by Veselina Apostolova
Meet Irina Novakova, the right hand of European Commissioner Kristalina Georgieva, at least when it comes to handling international media. Irina is a 2005 AUBG graduate whose Brussels-bound journey to the European Union’s top employment opportunities began in European Studies and Journalism classes at AUBG. And it is exactly what she learned in those classes that prepared her to stand out once she got there.
“I use what I learned at AUBG every day – whether it is the intricacies of comitology which I had to master for my Policy-making in the EU course, or the invaluable KISS rule (standing for ‘Keep It Simple, Stupid!’ – we learned that in Journalism class).”
As a press officer for Commissioner Georgieva (who is Bulgaria’s EU Commissioner for International Cooperation, Humanitarian Aid and Crisis Response), Irina is in charge of organizing campaigns and writing articles, website content, press releases, and briefings. In addition, Irina organizes press events and advises the commissioner on media issues. She attends high-level Brussels summits as often as she visits disaster sites around the world.
Irina says that AUBG helped her develop many skills that have proven to be invaluable in her career; among these skills are team work, concise writing, research abilities, critical thinking, curiosity, and perspective. Thanks to the excellent instruction by and guidance of professors like Cosmina Tanasoiu, Robert Phillips, Aernout van Lynden, and others, Irina developed the knowledge and confidence necessary for professional success.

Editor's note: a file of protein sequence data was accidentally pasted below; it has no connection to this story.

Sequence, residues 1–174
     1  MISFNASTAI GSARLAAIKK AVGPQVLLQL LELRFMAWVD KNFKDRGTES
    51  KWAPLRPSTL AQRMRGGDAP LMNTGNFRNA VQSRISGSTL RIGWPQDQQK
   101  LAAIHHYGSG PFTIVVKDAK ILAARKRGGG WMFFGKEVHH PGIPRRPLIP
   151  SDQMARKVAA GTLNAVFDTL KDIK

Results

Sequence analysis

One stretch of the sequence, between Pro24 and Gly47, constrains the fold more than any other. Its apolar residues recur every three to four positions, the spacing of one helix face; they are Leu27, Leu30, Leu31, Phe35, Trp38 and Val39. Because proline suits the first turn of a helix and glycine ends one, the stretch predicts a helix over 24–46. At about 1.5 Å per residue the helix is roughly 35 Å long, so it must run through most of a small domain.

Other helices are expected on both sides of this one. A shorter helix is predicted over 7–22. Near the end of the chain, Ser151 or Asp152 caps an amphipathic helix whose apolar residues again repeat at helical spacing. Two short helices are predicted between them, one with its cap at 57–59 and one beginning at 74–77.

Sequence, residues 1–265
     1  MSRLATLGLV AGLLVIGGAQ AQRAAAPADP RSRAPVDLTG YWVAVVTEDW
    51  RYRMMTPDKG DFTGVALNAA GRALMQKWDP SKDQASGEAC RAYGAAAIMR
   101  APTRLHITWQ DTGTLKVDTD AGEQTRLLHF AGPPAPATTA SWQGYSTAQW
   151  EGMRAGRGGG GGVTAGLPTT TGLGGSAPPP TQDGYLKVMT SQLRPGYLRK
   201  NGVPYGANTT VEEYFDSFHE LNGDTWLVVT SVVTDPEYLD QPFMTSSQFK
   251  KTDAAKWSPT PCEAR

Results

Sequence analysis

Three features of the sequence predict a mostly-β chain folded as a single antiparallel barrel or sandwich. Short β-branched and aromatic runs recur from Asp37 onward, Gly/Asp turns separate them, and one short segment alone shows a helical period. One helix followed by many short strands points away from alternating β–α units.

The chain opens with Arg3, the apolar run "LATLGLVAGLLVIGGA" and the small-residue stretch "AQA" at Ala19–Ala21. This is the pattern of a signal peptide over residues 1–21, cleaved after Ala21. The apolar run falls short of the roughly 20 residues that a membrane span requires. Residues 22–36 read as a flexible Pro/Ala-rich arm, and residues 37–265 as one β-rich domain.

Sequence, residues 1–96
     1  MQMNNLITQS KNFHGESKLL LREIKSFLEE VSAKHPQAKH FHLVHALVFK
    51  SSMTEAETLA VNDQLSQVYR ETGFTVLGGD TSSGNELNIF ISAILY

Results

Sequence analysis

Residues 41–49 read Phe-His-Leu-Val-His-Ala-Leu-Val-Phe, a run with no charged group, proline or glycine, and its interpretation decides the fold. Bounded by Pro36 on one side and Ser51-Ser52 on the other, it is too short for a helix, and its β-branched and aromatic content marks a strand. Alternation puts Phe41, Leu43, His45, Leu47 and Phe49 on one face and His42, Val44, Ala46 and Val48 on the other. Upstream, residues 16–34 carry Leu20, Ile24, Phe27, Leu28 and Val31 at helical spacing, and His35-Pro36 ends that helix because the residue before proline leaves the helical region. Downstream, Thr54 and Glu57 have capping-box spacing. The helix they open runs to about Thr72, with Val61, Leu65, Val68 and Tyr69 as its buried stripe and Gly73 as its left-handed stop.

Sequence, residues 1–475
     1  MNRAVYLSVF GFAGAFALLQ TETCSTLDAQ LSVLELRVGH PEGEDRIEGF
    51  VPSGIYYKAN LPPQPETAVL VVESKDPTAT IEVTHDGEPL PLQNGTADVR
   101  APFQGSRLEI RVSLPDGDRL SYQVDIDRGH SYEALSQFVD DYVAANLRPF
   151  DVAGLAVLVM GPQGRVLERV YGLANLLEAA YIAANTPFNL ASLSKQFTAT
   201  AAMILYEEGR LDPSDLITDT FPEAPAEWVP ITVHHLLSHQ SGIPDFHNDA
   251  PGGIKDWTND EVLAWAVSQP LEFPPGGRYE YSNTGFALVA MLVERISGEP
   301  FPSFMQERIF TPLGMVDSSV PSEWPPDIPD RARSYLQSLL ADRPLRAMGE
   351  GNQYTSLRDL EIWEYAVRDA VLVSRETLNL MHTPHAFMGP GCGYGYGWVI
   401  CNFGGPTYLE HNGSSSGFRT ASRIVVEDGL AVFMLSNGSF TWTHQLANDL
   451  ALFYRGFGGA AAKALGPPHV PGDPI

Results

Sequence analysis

When Irina first came to AUBG, she intended to pursue a major in Computer Science. But as she proceeded to take courses that interested and compelled her, she grew aware of the possibilities fields like political science and journalism would open up for her. “This is how I ended up with two majors and a minor – in Journalism and European Studies, along with a minor in International Relations – and a secret regret that I could not do more courses.”
The broad interdisciplinary nature of the European Studies major and the imminence of European accession in Bulgaria at the time determined the geographical focus of Irina’s academic pursuits. European Studies combines studying history, political philosophy, diplomacy, and macroeconomics – all fields a European Commission press officer needs to be competent in to thrive in their profession.
Irina also has a master’s degree in European Studies from the University of Maastricht in the Netherlands. To support herself, she worked as a correspondent for Bulgarian newspapers Dnevnik Daily and Capital Weekly for four years. “It was an exciting time, as I got to report on the last stages of Bulgaria and Romania’s preparation for EU accession and the first years of their membership in the EU,” she says. Irina has also worked as a freelance journalist and stringer for international publications like The Economist. She joined the European Commission in 2010.